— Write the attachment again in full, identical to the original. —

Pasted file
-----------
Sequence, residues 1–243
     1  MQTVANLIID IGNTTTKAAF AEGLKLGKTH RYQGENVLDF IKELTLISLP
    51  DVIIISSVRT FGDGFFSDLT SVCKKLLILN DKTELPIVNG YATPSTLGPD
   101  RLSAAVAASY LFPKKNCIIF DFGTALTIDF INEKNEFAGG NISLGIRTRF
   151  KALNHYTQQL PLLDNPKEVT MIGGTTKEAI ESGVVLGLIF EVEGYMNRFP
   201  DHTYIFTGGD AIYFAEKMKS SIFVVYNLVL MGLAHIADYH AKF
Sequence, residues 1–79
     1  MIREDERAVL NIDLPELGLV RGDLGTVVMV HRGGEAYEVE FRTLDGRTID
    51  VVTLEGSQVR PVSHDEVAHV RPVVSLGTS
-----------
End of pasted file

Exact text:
Sequence, residues 1–243
     1  MQTVANLIID IGNTTTKAAF AEGLKLGKTH RYQGENVLDF IKELTLISLP
    51  DVIIISSVRT FGDGFFSDLT SVCKKLLILN DKTELPIVNG YATPSTLGPD
   101  RLSAAVAASY LFPKKNCIIF DFGTALTIDF INEKNEFAGG NISLGIRTRF
   151  KALNHYTQQL PLLDNPKEVT MIGGTTKEAI ESGVVLGLIF EVEGYMNRFP
   201  DHTYIFTGGD AIYFAEKMKS SIFVVYNLVL MGLAHIADYH AKF
Sequence, residues 1–79
     1  MIREDERAVL NIDLPELGLV RGDLGTVVMV HRGGEAYEVE FRTLDGRTID
    51  VVTLEGSQVR PVSHDEVAHV RPVVSLGTS